How will these resources help you?

Transport is at the centre of any urban sustainability initiative, yet success in making our movement sustainable is often elusive. These resources discuss how we must not settle for the dominance of the car and dare to dream of an alternative and offer a series of case studies of success stories worldwide that show that delivering a sustainable transport system is possible. The ideas of contested space and how places change is central here, encouraging GCSE students to evaluate with AO3 and A-level students with AO2/3. These serve as excellent secondary research sources for fieldwork, as well as examples of climate change mitigation. London is a good example, rated third in Europe for its bus system. Students may find the series of ‘megaprojects’ of the future especially engaging – they can critically assess their sustainability, not just environmentally but also socially and economically.

A new vision

Movement: how to take back our streets and transform our lives

by Thalia Verkade and Marco te Brömmelstroet (trans. Fiona Graham), published by Scribe UK, (2022), 9781911344971

According to one review, ‘this book will – no question – make you think in new ways’. This book challenges the assumption that the streets belong to cars by pointing to the damage they do to our health and planet and asks, ‘who do our streets belong to, what do we use them for and who gets to decide?’ This revolutionary view of mobility is ideal for equipping students for GCSE AO3 (analysing geographical information to draw conclusions), with chapters on why we live this way, who the victims are, and what will happen if we continue. The last two chapters explore ways of doing things differently. This fits well with A-level units on ‘Dynamic Places’ and ‘Changing Places, Making Spaces’ and even as a secondary source for urban fieldwork at all levels. The A-level content of ‘lived experience of place’ here is the Netherlands: while some see this as a ‘mecca for cycling’, the book extends its critical analysis, by not accepting it as the urban utopia in which it is often portrayed.  

Reclaimed spaces

Streetfight: handbook for an urban revolution

by Janette Sadik-Khan, published by Penguin Books (USA), (2017), 9780143128977

This is an inspirational book by an urban visionary focusing on New York. One review describes it as a ‘feel-great read for those of us who love cities, especially as pedestrians and cyclists’. While data-driven and in places ‘hands on’, this book is certainly accessible for students at GCSE and above. The book contains a wide range of international case studies of urban reclamation projects working towards better functioning streets and more sustainable transport (and so to encourage socialisation, business opportunities, less pollution and a more pleasant urban environment). Again, ideal for GCSE AO3 and AO4 (geographical skills) as the book contains geographical information in many forms, particularly the fascinating before-and-after images of contested spaces in New York City. Another valuable secondary source for urban fieldwork, particularly at A-level.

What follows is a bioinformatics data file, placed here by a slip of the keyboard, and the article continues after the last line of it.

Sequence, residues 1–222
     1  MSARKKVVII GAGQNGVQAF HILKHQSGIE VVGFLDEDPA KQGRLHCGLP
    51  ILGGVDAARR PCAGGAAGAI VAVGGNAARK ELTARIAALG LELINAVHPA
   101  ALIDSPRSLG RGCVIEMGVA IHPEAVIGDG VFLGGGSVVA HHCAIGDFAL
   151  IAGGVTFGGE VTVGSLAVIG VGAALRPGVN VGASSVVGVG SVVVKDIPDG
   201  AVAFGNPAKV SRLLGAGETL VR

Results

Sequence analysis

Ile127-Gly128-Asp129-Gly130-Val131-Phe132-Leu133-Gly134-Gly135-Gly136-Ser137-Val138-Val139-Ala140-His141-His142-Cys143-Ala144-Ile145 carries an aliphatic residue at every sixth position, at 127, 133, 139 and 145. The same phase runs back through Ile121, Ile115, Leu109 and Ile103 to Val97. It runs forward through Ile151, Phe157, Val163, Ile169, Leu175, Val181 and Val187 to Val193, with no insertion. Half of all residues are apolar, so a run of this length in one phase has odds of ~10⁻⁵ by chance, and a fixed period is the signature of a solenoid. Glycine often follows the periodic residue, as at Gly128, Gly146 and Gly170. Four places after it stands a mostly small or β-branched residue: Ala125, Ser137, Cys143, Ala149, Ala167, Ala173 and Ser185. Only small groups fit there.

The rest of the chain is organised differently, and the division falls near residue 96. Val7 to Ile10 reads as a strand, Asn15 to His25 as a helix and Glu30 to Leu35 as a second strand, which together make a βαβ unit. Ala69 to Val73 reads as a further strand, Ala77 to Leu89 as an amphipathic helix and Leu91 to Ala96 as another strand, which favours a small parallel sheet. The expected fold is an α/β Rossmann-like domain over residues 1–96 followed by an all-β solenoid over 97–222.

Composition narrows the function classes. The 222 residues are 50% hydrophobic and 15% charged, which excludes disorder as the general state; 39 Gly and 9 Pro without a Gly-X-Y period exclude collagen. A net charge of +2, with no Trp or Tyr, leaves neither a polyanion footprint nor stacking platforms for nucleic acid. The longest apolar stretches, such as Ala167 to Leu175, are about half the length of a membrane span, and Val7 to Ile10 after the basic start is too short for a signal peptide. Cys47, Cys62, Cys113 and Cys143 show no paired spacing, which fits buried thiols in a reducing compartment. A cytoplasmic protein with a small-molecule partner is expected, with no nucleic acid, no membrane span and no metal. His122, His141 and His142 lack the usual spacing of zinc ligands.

The sustainable transport paradigm

Handbook of Sustainable Transport

by Carey Curtis (edited by), published by Edward Elgar Publishing Ltd, (2022), 9781789900460

A hands-on, academic book, drawing on a range of geographical data in the search for the elusive paradigm of sustainable transport. Each chapter is highly authoritative and explores a wide range of case studies to demonstrate what can be achieved and that sustainable transport can be a reality. The key components of sustainability are analysed, and in this case, the ‘triple helix’ of social, economic, and environmental sustainability are supporting a fundamental shift away from increased car numbers and the provision of an infrastructure to cope. At GCSE, carefully selected evidence for decision-making exercises can be presented to students when studying the key content of Sustainable Cities. At A-level, students could make more independent use of the resource. For both levels, the book serves as excellent secondary research to support fieldwork.  

Audiovisual clip

World’s Busiest Cities - Transport in the city

published by BBC, (2017)

Anita Rani explores public transport in Mexico City.

Further materials

London in top three for Europe’s for most sustainable transport city by Tom Seymour, published by Smart Transport, (2020) Read this article
House of Commons Debate Future funding of urban transport, published by Local Government Association, (2022) Access this resource
Articles on Urban Transport (2015–2022), published by The Conversation Read these articles
David Newell is Head of Geography at Millais School in Horsham, West Sussex. He has held the GA’s Secondary Geography Quality Mark since 2015, and has worked as a Specialist Leader in Education, advising schools on improving their Geography provision.

Text © David Newell, 2022.